Religion Classes to be Compulsory in Kazakhstani Schools
Religion will be a compulsory subject in Kazakhstani schools starting fr om this year, the Central Asian state's Science and Education Ministry said on Friday.
School courses on religion are a thorny issue in the former Soviet Union where atheism was a state ideology and many people oppose what they see as the growing influence of the clergy.
Neighboring Russia announced a pilot project last month wh ere students will be given a choice between classes in their own religion, a comparative course on religion or secular classes on ethics.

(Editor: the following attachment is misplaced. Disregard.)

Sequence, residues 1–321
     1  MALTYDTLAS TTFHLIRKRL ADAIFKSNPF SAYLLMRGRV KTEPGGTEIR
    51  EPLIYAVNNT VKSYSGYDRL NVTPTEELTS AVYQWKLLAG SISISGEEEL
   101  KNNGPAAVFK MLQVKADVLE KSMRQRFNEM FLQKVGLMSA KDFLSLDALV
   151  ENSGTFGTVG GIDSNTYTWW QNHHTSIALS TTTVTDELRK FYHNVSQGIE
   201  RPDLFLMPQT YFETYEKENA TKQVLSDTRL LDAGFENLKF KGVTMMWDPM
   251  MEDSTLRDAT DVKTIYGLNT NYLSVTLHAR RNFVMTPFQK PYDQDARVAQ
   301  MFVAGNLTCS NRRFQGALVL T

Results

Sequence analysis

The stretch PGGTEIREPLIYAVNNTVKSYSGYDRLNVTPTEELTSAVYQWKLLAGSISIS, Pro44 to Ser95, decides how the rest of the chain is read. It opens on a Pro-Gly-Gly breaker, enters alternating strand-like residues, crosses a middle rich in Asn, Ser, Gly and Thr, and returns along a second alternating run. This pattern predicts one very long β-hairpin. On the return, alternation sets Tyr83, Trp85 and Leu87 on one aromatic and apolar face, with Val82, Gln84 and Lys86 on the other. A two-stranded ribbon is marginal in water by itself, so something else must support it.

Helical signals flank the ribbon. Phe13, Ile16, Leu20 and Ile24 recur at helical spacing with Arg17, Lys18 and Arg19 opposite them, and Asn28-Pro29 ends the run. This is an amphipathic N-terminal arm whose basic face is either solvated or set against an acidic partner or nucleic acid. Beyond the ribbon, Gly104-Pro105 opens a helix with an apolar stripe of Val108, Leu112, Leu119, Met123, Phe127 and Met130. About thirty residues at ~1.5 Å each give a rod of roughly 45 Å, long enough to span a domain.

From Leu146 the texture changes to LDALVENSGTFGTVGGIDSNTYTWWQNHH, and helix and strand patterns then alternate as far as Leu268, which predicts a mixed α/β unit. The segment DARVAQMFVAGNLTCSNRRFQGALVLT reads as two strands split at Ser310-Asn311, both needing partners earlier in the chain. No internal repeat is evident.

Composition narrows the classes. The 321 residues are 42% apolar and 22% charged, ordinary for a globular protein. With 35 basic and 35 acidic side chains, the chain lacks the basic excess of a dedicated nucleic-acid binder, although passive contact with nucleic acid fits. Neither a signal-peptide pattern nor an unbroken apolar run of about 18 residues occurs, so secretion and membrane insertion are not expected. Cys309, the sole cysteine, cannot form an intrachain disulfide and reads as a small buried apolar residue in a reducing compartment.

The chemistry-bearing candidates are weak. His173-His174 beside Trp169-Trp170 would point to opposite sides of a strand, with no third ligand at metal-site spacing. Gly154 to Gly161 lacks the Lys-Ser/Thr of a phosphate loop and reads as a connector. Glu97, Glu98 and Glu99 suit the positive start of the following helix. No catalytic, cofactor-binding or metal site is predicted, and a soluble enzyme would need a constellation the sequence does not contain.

"The religion course, previously voluntary, will become compulsory from this year on for all school students," a ministry spokeswoman quoted its senior official, Serik Irsaliyevas, saying.
"We think that the basics of religious tolerance should be formed at a young age."
The courses would be taught by specially trained teachers and will cover "all religions and their history", the spokeswoman said.
"This is not aimed at raising (religious) fanatics," she said.
Mostly Muslim Kazakhstan has a large Christian minority, mostly belonging to the Russian Orthodox church, according to Reuters.
Minister of Education, Serik Irsaliev commented to the press that theological studies were formerly electives, according to Kazakhstan Today.